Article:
Most spiritual seekers know about the value of clearing out. No matter whether this is about the cellar, the winter wardrobe, one’s handbag, drawers or those papers constantly piling up – it is a great relief if one has managed once again to get rid of old things, which have become useless. This is the process of clearing out at the material level.
Clearing out becomes slightly more difficult once we recognize that certain people no longer fit in with one’s own development, even if they meant a lot in the past. Here too one tends to feel a much better once the farewell has been accomplished and space has been created for new developments. This also refers to new areas of interest when one realizes the necessity to restructure one’s life in order to create time for these new interests. This is clearing out at the social level.
Clearing out becomes the most difficult when it is about patterns in the domains of ideas, emotions or behavior. Firstly, because only few people have sufficient distance with regard to themselves to be able to clearly recognize what should be discarded and what should not. Secondly, it is difficult because such patterns appear to have a life of their own, seemingly resisting the process of being discarded. This is clearing out at the psychological/mental level.
In Advaita Vedanta, clearing out is subsumed under the term uparati. Uparati is one of the nine valuable characteristics, which the seeker needs in order to be able to fully focus on what supports him most during his search. 1 However, uparati does not yet imply the clear focus, but the state that precedes it. In Sanskrit it means “cessation, withdrawal, detachment”. What may follow uparati is called samaadhana, which means something like “determination, certainty” as well as “clear focus”. Both uparati and samaadhana demand the seeker to prioritize.
Nearly every spiritual seeker, irrespective of which path he follows, develops a certain degree of uparati all by himself. Much of what has been important to him earlier moves into the background, because different values correspond with different priorities. But he who knows that he is searching for the true self is at the final stage of any spiritual search. He/she does not want any new methods in order to feel better, to him/her discoveries and exciting experiences are not relevant anymore; the only thing he/she wants is: to finally reach the goal of the search.
This wish is incredibly valuable, because without it the search can take forever. But the wish by itself does not suffice. It has to be followed by respective behaviours. And these consequences are expressed through uparati: clearing out at all levels. He who only wants one single thing wishes to get rid of everything else that doesn’t fit in with this one thing. If I want to discover who or what I truly am, any belief in what I am not is like a tarpaulin that covers up what I want to recognize.
In this respect, the work of clearing out at the psychological/mental level is most important: identifications and beliefs which do not have anything to do with the true self have to be recognized and be gotten rid off. However, this work takes time and energy (and a teacher), which underlines the importance of the process of clearing on the social level. Superfluous things bind energy as well, which brings us back to the material level.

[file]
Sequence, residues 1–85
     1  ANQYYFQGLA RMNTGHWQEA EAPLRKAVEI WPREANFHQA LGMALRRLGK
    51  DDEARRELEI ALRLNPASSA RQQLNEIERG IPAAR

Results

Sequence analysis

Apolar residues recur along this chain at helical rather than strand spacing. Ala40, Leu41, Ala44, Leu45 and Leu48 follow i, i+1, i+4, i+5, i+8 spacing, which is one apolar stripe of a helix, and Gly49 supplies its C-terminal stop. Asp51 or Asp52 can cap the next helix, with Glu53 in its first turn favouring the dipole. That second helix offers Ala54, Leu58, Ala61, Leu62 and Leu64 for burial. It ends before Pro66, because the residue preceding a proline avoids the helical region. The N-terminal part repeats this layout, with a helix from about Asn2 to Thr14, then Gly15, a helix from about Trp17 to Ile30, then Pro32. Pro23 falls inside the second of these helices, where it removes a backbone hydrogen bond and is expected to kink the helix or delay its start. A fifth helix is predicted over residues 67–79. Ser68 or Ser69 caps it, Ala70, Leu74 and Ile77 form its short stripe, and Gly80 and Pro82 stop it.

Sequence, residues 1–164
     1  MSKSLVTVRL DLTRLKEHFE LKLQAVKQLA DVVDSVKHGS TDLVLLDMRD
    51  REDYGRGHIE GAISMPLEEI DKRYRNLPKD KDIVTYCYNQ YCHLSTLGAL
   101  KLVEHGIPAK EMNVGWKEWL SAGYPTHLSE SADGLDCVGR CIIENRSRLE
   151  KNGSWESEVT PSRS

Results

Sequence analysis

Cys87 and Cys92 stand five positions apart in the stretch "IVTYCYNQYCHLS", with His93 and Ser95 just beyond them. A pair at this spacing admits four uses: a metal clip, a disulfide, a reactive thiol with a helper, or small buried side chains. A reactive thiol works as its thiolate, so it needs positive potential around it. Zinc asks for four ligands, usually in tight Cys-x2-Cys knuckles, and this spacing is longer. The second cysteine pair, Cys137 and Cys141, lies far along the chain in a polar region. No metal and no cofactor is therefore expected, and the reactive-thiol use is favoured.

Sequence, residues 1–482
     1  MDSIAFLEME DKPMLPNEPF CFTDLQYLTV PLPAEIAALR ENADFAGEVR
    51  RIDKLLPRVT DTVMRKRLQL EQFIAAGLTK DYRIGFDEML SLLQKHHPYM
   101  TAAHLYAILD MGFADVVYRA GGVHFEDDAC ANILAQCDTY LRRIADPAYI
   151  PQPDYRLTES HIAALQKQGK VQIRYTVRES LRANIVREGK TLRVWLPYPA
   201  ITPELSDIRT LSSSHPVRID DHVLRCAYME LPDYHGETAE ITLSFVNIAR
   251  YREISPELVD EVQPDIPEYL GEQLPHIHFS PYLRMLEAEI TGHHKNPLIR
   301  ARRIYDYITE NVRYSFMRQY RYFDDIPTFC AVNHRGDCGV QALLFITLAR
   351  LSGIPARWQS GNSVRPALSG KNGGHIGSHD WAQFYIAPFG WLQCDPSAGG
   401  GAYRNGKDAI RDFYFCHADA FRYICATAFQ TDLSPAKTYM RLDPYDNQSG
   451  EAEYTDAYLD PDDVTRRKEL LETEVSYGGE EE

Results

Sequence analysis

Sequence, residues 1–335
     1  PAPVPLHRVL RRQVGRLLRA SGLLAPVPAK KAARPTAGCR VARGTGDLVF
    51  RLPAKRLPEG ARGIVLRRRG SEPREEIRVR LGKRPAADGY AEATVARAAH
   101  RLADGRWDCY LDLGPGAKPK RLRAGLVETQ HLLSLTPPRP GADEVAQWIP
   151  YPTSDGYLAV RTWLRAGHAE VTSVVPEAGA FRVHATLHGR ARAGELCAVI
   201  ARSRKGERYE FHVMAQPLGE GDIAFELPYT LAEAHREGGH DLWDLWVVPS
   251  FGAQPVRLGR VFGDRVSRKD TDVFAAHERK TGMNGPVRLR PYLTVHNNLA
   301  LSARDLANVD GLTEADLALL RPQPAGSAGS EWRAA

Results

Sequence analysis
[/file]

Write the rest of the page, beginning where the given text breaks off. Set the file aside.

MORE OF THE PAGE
Hence, uparati begins with one’s own drawers and ends with one’s own identifications – even though we’ll also discover other identifications while clearing out drawers. How do I recognize identifications? If I feel a strong aversion to the idea of letting go of something, I am definitely caught in identification. To start this process it suffices completely to let go of everything triggering merely a mild aversion. One does not have to start with the most difficult bit. Not everything has to be parted with, but what can remain at the end will only become apparent at the very end. For that reason it is a good idea to simply get started with the process of clearing out.
Another aspect with regard to uparati is the strong counter-reaction by one’s own environment, when confronted with the fact that the seeker is no longer interested in regular, common activities and topics. This too is something the seeker has to deal with, and it is important for him to know that his withdrawal is normal, natural and feasible in the context of this spiritual search.
Deficit and abundance
Too little uparati is based on an essential feeling of deficit, together with the idea that this deficit could be filled by experiencing this or the other, or by achieving that or the other, instead of acknowledging that the deficit does not exist but in one’s own imagination. Only if one recognizes this deficit idea uncompromisingly as fallacy, uparati becomes possible. In order to develop and realize this uncompromising attitude it does not merely need insight, but also courage and determination.
The required understanding is the result of one’s ability to make distinctions. Courage and determination, on the other hand, grow if one gradually nourishes the yearning for the highest knowledge through actively reading and listening to those who already have achieved this knowledge and through meeting with seekers who are on the same wavelength.
Only if one lets go of one’s fixation on this feeling of deficit and lack and the herewith associated attempts at filling the “gaps”, space and time will emerge focus on what truely remedies the deficit (which is samaadhana). That which temporarily takes of the perceived deficit – reading, listening, exchanging ideas with likeminded people – will ensure that even the last residues of this perceived deficit will dissolve in the awareness of the abundance, which we are.2